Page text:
The Experience Economy
Are you ready for it?
The term Experience Economy was first described in a book published in 1999 by B. Joseph Pine II and James H. Gilmore, titled “The Experience Economy”. In it they described the experience economy as the next economy following the agrarian economy, the industrial economy, and the most recent service economy. This concept had been previously researched by many other authors.
Pine and Gilmore argue that businesses must orchestrate memorable events for their customers, and that memory itself becomes the product — the “experience”. More advanced experience businesses can begin charging for the value of the “transformation” that an experience offers, e.g., as education offerings might do if they were able to participate in the value that is created by the educated individual. This, they argue, is a natural progression in the value added by the business over and above its inputs.
Work is Theatre & Every Business a Stage
“You are what you charge for. And if you’re competing solely on the basis of price, then you’ve been commoditized, offering little or no true differentiation. What would your customers really value? Better yet, for what would they pay a premium? Experiences. The curtain is about to rise, say Pine & Gilmore, on the Experience Economy, a new economic era in which every business is a stage, and companies must design memorable events for which they charge admission.
With The Experience Economy, Pine & Gilmore explore how successful companies-using goods as props and services as the stage-create experiences that engage customers in an inherently personal way. Why does a cup of coffee cost more at a trendy cafe than it does at the corner diner or when brewed at home? It’s the value that the experience holds for the individual that determines the worth of the offering and the work of the business. From online communities to airport parking, the authors draw from a rich and varied mix of examples that showcase businesses in the midst of creating engaging experiences for both consumers and corporate customers.
The Experience Economy marks the debut of an insightful, highly original, and yet eminently practical approach for companies to script and stage compelling experiences. In doing so, all workers become actors, intentionally creating specific effects for their customers. And it’s the experiences they stage that create memorable-and lasting-impressions that ultimately create transformations within individuals. Make no mistake, say Pine & Gilmore: goods and services are no longer enough. Experiences are the foundation for future economic growth, and The Experience Economy is the playbook from which managers can begin to direct new performances.”
Due to the growing global entertainment, tourism and leisure markets, the diversity of experience-based products, both goods and services, is needed in order to create difference in the market. ‘Magic’ is a key-word commonly used in the experience economy pointing to the creation of distinctive, innovative, spectacular and sensual products.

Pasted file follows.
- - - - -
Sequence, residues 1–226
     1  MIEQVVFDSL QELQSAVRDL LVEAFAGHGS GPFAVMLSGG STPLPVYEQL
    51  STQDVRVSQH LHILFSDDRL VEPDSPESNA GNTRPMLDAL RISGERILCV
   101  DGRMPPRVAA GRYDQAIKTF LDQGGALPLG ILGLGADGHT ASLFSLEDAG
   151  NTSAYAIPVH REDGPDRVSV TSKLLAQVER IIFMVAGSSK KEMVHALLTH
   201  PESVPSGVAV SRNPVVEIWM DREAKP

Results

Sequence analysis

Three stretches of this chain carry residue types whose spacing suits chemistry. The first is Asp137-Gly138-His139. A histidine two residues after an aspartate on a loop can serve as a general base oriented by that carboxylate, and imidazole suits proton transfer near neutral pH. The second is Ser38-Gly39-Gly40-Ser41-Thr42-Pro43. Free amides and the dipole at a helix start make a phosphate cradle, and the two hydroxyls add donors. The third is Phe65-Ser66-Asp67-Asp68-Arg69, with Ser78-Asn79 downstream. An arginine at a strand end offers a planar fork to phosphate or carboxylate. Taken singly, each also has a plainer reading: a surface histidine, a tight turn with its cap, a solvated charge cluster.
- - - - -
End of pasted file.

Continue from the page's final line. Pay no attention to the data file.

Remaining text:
In order to market and distinguish products, added cultural values have become more important then before. Marketing aesthetics are the practices, strategies and technologies which are applied in order to make products more attractive. By adding storytelling, entertainment, values, culture and arts the products are designed to facilitate the consumer’s social relationships, feelings and identities. Experience economy thus supports the field of customer experience management.
The experience/cultural/creative industries are the pragmatic and professional aspect of the experience economy. How can experience economy as a developmental strategy be managed, enhanced and implemented? What kind of tools and competences already exist, and how are they put to best use as experience products? How can the organisation work together in order to develop a stronger awareness of its unique experimental resources? The concept of experience economy arose in the field of business. It has crossed the frontiers of tourism, architecture, urban and regional planning, art- and museum industry, public health service and other fields. This means that experience economy as a tool to develop and improve experience products has been widely tested amongst many and different consumer groups and lifestyle segments.
Read ‘Welcome to the Experience Economy‘ by B. Joseph Pine IIJames H. Gilmore at Harvard Business Review.
Total experience marketing is a 360-degree platform.
Track Marketing president Alex Frias talks about Marketing In The new ‘Total Experience’ Economy that we live in.
“Marketing is everywhere. It’s digital, mobile, experiential, social and word of mouth. A brand conversation that begins on a TV campaign must continue digitally. It should become a two-way conversation and ultimately a customer springboard that the brand is curating and amplifying on social platforms.”